Looking back, that heart attack twelve years ago is the second best thing that ever happened to me, behind meeting Sandra and the birth of our girls. It taught me that everything happens in God’s appointed time. It taught me that worry, impatience, anxiety, and stress over things outside of my control is a worthless activity. It taught me about the true meaning of faith, hope, and love. It taught me that everything is gonna be OK.

What the heck does this have to do with the paperback version of Sumer in the Waiting Room not being published on June 7, 2022 as promised?  Everything!

Today is the 12th anniversary of the heart attack that kicked off the summer in the waiting room. For nine out of the last eleven years (Covid precautions prevented visits in 2020-2021), I’ve gone on a one-man pilgrimage to the ICU waiting room at Kaiser Santa Clara to pray, reflect, and seek inspiration. I went today after the morning crisis. I said a prayer of thanksgiving, reflected on my journey, and found inspiration.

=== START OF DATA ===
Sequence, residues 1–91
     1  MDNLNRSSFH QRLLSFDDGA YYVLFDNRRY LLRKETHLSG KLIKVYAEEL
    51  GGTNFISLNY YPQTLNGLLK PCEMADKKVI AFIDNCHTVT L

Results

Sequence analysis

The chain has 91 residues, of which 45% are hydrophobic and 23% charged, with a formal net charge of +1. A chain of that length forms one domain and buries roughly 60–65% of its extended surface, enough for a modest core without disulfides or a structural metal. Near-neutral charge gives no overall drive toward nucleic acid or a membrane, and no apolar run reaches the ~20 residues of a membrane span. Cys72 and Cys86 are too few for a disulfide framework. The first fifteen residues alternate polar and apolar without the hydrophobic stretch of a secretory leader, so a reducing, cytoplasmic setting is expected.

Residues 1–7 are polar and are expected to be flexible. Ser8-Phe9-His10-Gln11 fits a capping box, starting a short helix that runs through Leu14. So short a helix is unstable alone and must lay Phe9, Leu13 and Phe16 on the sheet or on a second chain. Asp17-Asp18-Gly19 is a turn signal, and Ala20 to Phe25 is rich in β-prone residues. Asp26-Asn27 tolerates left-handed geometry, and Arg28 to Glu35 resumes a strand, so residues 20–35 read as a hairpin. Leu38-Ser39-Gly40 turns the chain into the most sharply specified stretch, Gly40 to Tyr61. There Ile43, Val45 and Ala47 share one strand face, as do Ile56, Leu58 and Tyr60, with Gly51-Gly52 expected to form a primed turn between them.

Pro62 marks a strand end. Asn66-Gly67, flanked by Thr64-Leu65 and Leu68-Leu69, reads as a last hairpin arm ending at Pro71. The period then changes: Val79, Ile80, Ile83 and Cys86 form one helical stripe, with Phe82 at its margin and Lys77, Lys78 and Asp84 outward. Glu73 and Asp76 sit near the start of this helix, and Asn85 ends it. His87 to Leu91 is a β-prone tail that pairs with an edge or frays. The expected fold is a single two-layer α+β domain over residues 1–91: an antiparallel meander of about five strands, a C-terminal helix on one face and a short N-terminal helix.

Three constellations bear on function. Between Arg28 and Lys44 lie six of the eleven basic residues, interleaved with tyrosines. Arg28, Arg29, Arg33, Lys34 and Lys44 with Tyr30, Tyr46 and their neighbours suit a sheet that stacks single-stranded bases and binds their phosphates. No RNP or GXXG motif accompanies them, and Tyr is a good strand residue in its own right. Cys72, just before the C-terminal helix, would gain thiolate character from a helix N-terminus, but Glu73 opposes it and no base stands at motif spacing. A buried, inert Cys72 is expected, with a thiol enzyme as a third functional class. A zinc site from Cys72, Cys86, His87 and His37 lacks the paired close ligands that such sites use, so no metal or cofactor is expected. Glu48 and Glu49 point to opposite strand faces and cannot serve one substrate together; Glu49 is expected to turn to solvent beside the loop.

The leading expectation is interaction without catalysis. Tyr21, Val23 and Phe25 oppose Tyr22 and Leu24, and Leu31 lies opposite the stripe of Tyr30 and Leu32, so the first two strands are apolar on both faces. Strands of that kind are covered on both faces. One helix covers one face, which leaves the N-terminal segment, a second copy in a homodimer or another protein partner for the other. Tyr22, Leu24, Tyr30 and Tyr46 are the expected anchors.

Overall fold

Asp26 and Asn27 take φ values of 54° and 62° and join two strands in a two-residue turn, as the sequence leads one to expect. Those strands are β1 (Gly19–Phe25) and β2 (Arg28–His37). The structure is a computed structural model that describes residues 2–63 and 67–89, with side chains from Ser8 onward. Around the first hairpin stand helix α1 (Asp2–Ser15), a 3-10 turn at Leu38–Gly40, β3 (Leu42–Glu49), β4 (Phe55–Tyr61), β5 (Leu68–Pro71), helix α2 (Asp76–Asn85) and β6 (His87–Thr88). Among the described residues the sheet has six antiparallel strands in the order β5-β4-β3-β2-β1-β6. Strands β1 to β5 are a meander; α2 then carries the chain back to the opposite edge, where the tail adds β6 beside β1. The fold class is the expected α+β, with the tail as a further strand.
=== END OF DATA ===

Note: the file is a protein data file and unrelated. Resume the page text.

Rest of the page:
I’ve inflicted enough damage to my mind and body over things I can’t control. I’m finally good with the fact that shit happens. The sun will still peek over the east foothills tomorrow morning at 5:46 am. It’s all in God’s hands. There is an appointed time for everything. I decided to leave it to God and Amazon to work out.

By the time I got home, God had spoken. He had good news. The appointed time had come. 

God gave me peaceful hope and Amazon resolved the delay in time to meet the June 7, 2022, release date. You can buy your copy of “Summer in the Waiting Room” today after all!